Rashford brings food giants together to tackle child poverty

Footballer Marcus Rashford has formed a task force with some of the UK’s biggest food brands to try to help reduce child food poverty.

The 22-year-old Manchester United forward successfully campaigned to extend free school meals this summer.

He has spoken about his own experiences of using a food voucher scheme as a child and was praised for pressing the government into a U-turn on the issue. He has written to MPs, outlining the help he feels some families still need.

The group of supermarkets, businesses and charities – including Aldi, Asda, Co-op, Deliveroo, FareShare, Food Foundation, Iceland, Kellogg’s, Lidl, Sainsbury’s, Tesco and Waitrose – have formed a task force and backed proposals from the National Food Strategy, an independent review of UK food policy. Mr Rashford said he was “confident” the group could help change lives “for the better”.’ We go hungry so we can feed our children’

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Mr Rashford is hoping that, with a bigger team of experts around him, he might be able to help more children.

“We wanted to do it the best way we could, introduce the best people into our group, and see if using them [we] can push it even more.”

The footballer met some of the families who benefited from the extended children’s food voucher scheme

The task force is calling for three policy recommendations by the National Food Strategy to be funded by the government as soon as possible:

Expanding free school meals to every child from a household on Universal Credit or equivalent, reaching an additional 1.5m children aged seven to 16

Expanding holiday food and activities to support all children on free school meals, reaching an additional 1.1m children

Increasing the value of the Healthy Start vouchers from £3.10 to £4.25 per week and expanding it to all those on Universal Credit or equivalent, reaching an additional 290,000 children under the age of four and pregnant women

The taskforce says implementing the three recommendations would mark a “unifying step to identifying a long-term solution to child poverty in the UK”.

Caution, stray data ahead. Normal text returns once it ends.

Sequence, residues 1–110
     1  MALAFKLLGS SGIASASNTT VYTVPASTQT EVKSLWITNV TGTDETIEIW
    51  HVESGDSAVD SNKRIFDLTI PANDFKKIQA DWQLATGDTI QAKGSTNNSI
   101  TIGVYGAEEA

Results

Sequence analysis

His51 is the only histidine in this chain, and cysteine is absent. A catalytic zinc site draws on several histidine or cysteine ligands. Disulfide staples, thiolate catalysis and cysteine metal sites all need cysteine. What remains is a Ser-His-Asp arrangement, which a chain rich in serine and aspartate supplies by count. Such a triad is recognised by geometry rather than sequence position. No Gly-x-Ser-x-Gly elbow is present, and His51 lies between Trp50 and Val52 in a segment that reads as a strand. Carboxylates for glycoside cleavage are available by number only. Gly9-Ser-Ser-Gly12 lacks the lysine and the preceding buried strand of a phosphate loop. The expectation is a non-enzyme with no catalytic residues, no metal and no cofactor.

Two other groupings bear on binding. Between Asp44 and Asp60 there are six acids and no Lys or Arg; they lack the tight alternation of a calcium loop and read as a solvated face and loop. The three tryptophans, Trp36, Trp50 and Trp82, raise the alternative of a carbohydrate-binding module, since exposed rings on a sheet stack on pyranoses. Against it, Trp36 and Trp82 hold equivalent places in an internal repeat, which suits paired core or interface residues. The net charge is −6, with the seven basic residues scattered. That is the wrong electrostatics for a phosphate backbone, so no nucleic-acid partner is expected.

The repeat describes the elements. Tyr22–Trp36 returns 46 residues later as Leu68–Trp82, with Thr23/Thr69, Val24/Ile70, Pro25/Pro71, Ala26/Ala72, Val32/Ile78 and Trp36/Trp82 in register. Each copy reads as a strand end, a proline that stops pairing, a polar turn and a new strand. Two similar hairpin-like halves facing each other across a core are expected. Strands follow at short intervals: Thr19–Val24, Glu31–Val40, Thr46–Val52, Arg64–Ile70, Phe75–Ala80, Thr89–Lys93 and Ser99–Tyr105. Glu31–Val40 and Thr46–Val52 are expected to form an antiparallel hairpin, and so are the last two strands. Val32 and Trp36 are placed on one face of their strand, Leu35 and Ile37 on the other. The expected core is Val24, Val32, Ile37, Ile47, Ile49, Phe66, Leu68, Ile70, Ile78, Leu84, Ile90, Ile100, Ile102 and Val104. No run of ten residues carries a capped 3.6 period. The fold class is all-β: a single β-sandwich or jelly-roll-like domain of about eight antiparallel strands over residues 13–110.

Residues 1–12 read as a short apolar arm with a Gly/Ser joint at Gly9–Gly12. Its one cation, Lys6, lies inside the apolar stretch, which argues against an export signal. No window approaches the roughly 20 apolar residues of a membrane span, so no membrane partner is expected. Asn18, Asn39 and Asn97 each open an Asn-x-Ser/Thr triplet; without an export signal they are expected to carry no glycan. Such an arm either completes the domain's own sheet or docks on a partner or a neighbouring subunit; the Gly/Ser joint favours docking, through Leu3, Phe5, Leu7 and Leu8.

In his letter to MPs, Mr Rashford says he hopes the chancellor will find the funds to do so in his Budget and spending review “without delay”.

Schools minister Nick Gibb said he would be delighted to meet Mr Rashford, saying the footballer was “right to draw the nation’s attention” to the matter.

Members of the task force have also pledged to spend the next six weeks using their platforms to share stories of those affected by child food insecurity in the UK.

The footballer has met some of the families who have benefitted from the extended children’s food voucher scheme, which he said had been an “unbelievable experience”.

“Just to see the smiles on their faces and to see how much it’s helped them, you know, made me happy,” he said. “It was good to see the parents laughing and smiling.”

During the coronavirus lockdown, the government provided vouchers to families whose children qualify for free meals, but it had insisted this would not continue into the summer holidays.

This prompted the England squad footballer to write an open letter to MPs, drawing on his own experiences of relying on free school meals and food banks growing up in Wythenshawe, Manchester. He called on the government to reverse its decision – which it did shortly after he spoke out.

The U-turn enabled about 1.3m children in England to claim vouchers over the holidays, with the support working out as about £15 a week for each child.


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